Puccini’s Madama Butterfly, which opened the Atlanta Opera season Saturday, is the first production planned by artistic director Tomer Zvulun, as last season had been assembled and cast before his arrival. Zvulun also works as a stage director, so it isn’t surprising that he chose to direct this one himself.
What is a bit surprising is that his production is so utterly traditional. It’s a simple period approach with the usual shoji screens and kimonos, freshened up a bit with stage-filling projections. The latter — slow-motion movies of the harbor, the sky and Pinkerton’s ship slowly arriving — were generally effective.
At the end, Cio-Cio San’s suicide was preceded by a flow of images, at first subtle then erupting into the color red, an unforgettable coup de theatre by lighting designer Robert Wierzel. But there were lapses when the projections were simply distracting, as when a swarm of jittery butterflies filled the stage, or when we were shown crashing waves during the Love Duet in Act I.
This production debuted in June at the Castleton Festival, a tiny but delightful affair in Virginia horse country. There it was performed in a 650-seat tent with a much smaller stage than that at the Cobb Energy Performing Arts Centre, a potential problem since opera coproductions must be designed to fit the dimensions of the smallest venue. The one thing the two companies would seem to have in common is the need for frugality, as both have smallish budgets.
Erhard Rom’s unit set neatly resolved both issues. It featured a raised central platform with one row of shoji screens along the back, fabric curtain drops to surround the action and fill out the width of the stage, and scrims for projections front and back.
Zvulun’s program notes tell us that although Butterfly is “on the surface, a story about a clash of cultures, what is truly revealed is the rise and fall of a typical Italian heroine.” But the “clash” in question isn’t simply East versus West. Underlying the opera is a dark and jaundiced rumination on American imperialism and the sexual abuse of children by the American navy. (That the opera opened the season, where by tradition it was preceded by the National Anthem, later to echo mockingly in the score, and was next performed on Veterans Day are ironies perhaps lost on most of the audience.)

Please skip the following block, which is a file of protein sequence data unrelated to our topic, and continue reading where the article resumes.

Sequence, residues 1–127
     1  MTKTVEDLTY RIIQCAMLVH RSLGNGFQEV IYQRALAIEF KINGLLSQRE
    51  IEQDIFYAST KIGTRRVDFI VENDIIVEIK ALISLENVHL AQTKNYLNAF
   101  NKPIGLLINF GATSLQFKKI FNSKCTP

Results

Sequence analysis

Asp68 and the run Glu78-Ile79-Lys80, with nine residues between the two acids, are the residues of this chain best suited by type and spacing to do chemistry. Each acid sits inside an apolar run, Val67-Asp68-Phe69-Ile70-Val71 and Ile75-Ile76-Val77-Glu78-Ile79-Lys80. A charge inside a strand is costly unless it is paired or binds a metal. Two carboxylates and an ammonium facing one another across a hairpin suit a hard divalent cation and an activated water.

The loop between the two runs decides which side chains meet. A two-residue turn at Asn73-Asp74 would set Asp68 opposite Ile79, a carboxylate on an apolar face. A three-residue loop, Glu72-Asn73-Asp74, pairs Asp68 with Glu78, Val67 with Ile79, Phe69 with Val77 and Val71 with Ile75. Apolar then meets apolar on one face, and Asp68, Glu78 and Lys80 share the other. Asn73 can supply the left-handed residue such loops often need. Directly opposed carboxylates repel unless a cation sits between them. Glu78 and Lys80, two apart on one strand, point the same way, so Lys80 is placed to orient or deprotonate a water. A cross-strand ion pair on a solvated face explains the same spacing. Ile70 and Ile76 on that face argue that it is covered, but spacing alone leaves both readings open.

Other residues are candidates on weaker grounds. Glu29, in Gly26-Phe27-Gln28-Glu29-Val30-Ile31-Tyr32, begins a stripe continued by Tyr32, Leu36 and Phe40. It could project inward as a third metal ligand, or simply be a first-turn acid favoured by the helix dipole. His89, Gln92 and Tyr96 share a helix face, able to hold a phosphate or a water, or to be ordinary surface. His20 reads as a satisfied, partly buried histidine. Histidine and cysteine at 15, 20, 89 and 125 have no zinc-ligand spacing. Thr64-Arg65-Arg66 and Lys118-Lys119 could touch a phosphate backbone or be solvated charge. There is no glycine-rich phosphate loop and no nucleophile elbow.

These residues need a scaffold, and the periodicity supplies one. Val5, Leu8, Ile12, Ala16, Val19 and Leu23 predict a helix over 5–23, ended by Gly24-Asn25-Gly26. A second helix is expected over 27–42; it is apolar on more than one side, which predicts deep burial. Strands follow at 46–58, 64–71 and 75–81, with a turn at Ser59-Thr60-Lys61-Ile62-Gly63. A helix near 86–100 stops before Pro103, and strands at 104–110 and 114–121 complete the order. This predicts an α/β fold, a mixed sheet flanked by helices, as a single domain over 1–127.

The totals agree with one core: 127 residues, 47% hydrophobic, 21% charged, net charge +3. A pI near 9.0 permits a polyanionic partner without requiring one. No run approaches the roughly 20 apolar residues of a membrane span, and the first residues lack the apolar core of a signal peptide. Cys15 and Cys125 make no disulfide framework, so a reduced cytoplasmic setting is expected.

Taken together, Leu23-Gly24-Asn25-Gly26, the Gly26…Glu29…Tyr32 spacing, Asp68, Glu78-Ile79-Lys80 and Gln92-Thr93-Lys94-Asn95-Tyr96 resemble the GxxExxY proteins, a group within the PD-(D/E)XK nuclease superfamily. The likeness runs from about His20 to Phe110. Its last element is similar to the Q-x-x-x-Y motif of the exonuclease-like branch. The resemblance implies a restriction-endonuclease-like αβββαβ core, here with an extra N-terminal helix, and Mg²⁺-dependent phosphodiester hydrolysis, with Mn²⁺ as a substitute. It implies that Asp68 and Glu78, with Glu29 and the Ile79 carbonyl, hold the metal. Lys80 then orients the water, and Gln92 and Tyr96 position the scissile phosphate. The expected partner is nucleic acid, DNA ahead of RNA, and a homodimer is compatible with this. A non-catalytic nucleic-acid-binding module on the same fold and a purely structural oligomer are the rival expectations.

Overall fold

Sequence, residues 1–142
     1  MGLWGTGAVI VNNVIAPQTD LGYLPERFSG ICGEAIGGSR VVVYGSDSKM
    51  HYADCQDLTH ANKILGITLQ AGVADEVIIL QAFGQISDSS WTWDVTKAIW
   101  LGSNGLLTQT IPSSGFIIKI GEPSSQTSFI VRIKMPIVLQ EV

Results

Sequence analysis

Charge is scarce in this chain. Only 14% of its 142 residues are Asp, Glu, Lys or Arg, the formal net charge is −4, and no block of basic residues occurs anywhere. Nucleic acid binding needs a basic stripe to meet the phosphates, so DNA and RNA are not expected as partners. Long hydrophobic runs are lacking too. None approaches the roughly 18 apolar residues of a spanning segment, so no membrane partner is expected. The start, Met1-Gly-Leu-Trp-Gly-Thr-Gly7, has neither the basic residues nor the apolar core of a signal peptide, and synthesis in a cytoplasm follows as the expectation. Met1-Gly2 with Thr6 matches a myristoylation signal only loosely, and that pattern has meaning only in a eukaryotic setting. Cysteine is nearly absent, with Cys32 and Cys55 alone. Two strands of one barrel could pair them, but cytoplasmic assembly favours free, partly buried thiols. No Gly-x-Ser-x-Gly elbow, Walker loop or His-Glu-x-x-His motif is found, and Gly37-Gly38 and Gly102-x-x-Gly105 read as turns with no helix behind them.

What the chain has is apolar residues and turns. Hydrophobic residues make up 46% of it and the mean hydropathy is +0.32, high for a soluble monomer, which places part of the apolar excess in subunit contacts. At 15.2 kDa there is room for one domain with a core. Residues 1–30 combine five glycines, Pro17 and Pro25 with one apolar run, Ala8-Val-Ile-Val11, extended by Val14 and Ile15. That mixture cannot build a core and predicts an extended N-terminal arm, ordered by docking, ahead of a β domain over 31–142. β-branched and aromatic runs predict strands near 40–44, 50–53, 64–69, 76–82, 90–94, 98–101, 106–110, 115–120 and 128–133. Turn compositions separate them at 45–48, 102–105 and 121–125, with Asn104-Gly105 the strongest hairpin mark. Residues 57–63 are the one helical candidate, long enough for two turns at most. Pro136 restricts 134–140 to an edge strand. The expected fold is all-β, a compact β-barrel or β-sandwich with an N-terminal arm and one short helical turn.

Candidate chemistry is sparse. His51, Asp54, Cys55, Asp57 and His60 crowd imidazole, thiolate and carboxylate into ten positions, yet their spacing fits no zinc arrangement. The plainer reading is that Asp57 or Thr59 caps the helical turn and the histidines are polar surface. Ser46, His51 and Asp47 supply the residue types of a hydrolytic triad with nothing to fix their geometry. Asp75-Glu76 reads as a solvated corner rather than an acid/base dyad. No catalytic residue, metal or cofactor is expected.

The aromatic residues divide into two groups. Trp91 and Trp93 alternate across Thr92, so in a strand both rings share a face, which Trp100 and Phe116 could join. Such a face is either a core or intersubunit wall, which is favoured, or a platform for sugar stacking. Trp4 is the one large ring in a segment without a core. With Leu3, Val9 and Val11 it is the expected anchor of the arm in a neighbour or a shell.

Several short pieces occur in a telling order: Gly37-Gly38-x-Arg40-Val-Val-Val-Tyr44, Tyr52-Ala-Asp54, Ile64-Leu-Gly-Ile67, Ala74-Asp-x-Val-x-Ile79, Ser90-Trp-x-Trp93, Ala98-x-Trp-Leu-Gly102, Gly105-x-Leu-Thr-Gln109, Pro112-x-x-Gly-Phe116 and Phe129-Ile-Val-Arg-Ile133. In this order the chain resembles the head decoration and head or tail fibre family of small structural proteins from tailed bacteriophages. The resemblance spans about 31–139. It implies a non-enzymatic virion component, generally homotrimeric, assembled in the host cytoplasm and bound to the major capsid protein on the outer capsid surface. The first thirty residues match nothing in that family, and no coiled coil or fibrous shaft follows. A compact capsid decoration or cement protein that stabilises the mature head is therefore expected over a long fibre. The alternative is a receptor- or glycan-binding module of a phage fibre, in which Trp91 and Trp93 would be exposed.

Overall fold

What rescued the whole exercise from the usual clichés was Adam Diegel’s biting portrayal of Pinkerton. The role doesn’t really work for a traditional sweet-voiced Italian tenor. That isn’t Diegel. Instead, he has a clear, muscular, intense sound, solid from bottom to top. His Pinkerton is caddish in a youthful, lusty, supremely confident way, and when he is confronted with the disastrous results in Act III, he collapses in an explosion of remorse.
He usually resembles a young John Travolta, but in his makeup here he looked plausibly Asian. This was probably an accident, but it did suggest something about the universality of nationalism gone amok. The opera takes place at the turn of the last century in the era of presidents McKinley and Theodore Roosevelt. As that century unfolded, both Japan and the Italy of Puccini and his librettist lost any claim to the higher ground in this matter.
Our Cio-Cio San, Dina Kuznetsova, is the sort of singer who commands attention on stage. Unfortunately, the reasons aren’t all good. The ideal Butterfly should be innocent, fragile and plausible as a 15-year-old. None of this describes Kuznetsova. That said, she almost managed to pull off a totally original alternative Cio-Cio San by force of will.
She has great charisma and a huge, ringing voice with a clarion top. She can portray powerful emotions just with her voice. Her “Un bel dí” was inspired, if a bit rushed. But she has an alarming tendency to come up flat. And her physical portrayal is overcooked and unconvincing: an evening of cutesy eye-rolling and exaggerated hand gestures. Kuznetsova is a work in progress with considerable potential if she can bring a degree of discipline to her voice and characterization.
Mezzo-soprano Nina Yoshida Nelsen sang the role of Suzuki with convincing compassion and a refined voice, holding her own in the Flower Duet. As Sharpless, Corey McKern revealed a pleasant lyric baritone voice, but struggled with intonation. Jason Ferrante was a suitably irritating Goro, and Joseph Lattanzi turned in a nicely nuanced performance as Prince Yamadoro. Bass-baritone Kyle Albertson was a satisfying Bonze. The entire cast was new to Atlanta Opera except for Ashley Curling, who held her own as Kate Pinkerton.
Music director Arthur Fagen, who conducted, appeared to be holding things back almost until the end. This seemed unnecessary, given that both principals had powerful voices, though it did have the sacrificial effect of accentuating the sound from the stage. It also added to the contrast with the run-up to Cio-Cio San’s ritual suicide, when he had the percussion section at triple forte. Still, a more balanced approach would have given us a richer sound all night.
Chorus master Walter Huff used a pared-down chorus to great effect, and the “Humming Chorus” was suitably enchanting.
Additional performances of Madama Butterfly will take place Friday night and Sunday afternoon at the Cobb Energy Performing Arts Centre.